Somewhere in between ‘MacMansions’ and ‘Tiny homes’ there is a happy medium for most new homes. Reducing the physical footprint of a new home also reduces its ecological footprint.
The overall embodied energy is reduced through fewer construction materials and future waste is also diminished; energy consumption is lessened through reduced lighting needs and mechanical heating/cooling when required and overall finishes and furniture are decreased also reducing embodied energy as well as potential waste.
An important aspect of designing more compact homes is the concept of flexibility. Flexibility is synonymous with resilience, sustaining important levels of comfort while maintaining the varying different activities and needs of a household. Flexibility can be introduced at various points within the design of the house and household’s life-cycle.
The underlying critical aspect of designing flexible spaces is to understand how the household is going to interact with them. Integrating pull down beds for an elderly couple might be challenging, or the doubling up of study and eating areas for a family may create tensions at meal times. Therefore, keeping in mind the household’s current and future needs is imperative for integrating flexible strategies that work.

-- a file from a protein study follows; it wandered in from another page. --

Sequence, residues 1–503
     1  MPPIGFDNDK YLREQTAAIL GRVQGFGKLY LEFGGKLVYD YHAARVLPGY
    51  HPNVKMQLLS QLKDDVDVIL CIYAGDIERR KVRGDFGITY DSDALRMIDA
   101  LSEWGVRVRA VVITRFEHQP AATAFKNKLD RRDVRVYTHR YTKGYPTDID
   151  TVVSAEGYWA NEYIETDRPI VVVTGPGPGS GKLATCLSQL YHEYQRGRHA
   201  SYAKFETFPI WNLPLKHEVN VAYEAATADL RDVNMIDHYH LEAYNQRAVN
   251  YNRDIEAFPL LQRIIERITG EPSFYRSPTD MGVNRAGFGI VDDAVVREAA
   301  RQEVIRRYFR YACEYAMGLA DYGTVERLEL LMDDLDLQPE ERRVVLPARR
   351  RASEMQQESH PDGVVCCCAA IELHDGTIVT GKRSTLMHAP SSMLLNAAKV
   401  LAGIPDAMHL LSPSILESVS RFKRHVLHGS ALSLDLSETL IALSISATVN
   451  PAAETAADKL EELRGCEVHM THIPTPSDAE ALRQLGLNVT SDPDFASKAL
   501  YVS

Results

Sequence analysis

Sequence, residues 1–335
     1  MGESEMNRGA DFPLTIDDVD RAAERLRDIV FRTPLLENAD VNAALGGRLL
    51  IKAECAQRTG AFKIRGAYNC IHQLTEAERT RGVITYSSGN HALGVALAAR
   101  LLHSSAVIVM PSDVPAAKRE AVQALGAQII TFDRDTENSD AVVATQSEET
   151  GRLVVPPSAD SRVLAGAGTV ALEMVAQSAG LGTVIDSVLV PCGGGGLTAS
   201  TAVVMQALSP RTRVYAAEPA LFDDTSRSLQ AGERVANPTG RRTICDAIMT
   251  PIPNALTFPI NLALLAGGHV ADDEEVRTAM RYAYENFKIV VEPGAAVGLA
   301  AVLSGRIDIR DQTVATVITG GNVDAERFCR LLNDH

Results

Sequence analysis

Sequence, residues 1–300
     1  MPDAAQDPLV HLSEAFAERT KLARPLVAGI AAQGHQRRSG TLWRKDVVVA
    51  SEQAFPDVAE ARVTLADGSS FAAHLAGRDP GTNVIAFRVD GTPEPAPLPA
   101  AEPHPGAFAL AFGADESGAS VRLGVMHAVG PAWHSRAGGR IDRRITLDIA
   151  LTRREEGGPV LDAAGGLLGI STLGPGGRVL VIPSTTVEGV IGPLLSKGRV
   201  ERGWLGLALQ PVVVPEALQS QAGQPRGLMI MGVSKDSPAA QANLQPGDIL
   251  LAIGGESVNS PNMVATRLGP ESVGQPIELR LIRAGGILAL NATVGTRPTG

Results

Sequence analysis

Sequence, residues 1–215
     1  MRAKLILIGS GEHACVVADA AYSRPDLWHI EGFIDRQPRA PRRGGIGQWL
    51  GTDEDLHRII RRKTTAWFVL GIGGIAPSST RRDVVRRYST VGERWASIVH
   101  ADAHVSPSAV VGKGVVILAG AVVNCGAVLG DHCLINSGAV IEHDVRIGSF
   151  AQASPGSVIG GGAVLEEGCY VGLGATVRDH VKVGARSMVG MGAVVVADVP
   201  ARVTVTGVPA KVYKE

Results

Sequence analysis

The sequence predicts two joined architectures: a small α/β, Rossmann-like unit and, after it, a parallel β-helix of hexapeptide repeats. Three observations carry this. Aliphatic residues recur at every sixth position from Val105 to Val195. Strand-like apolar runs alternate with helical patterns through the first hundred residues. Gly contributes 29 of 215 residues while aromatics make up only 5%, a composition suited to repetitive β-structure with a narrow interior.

Flexibility can be integrated spatially, through product devices and furniture and by ‘future proofing’ expected or possible changes to the household or the home. Spatially combinations of activities can be integrated into one space which can be assisted by devices such as moving walls, the collapse of one spatial activity to unlock another such as kitchens integrated into a wall space, or using height as a way of dividing space whilst maintaining an open spatial quality.
Similarly, cleverly designed furniture can be used to integrate multiple uses such as tables that can change heights from low to high, forming side, dining and food preparation tables or furniture pieces that can be packed away when not in use, trundle and fold-up beds for example. An office space by Anne Grimes Architect turns into a guest room with a pull-down wall bed.
Flexibility and resilience across the life-span of the building can forecast future changes such as a household’s members expanding or contracting, different mobility or technological upgrades that may be required or even the changing climatic conditions that may be expected over the life-span of the building itself, beyond the current occupants own life. These could include the possibility of expanding or contracting a part of the house to facilitate these changes, through the ability for wall or floor additions/subtractions; leaving land space to extend/contract living spaces and/or provide future self-sufficiency capabilities such as edible gardens, water storage or chicken coops. Future services can also be planned into the flexibility of a home as Green Design do by integrating the wiring for future solar panels into the roof space, a minimal initial expense that significantly reduces future expenses.
Designing smaller, flexible and resilient homes can provide significant benefits to reducing the ecological footprint of a household’s daily sustainable challenges, changing behaviours of lifestyle through the design of the house itself.
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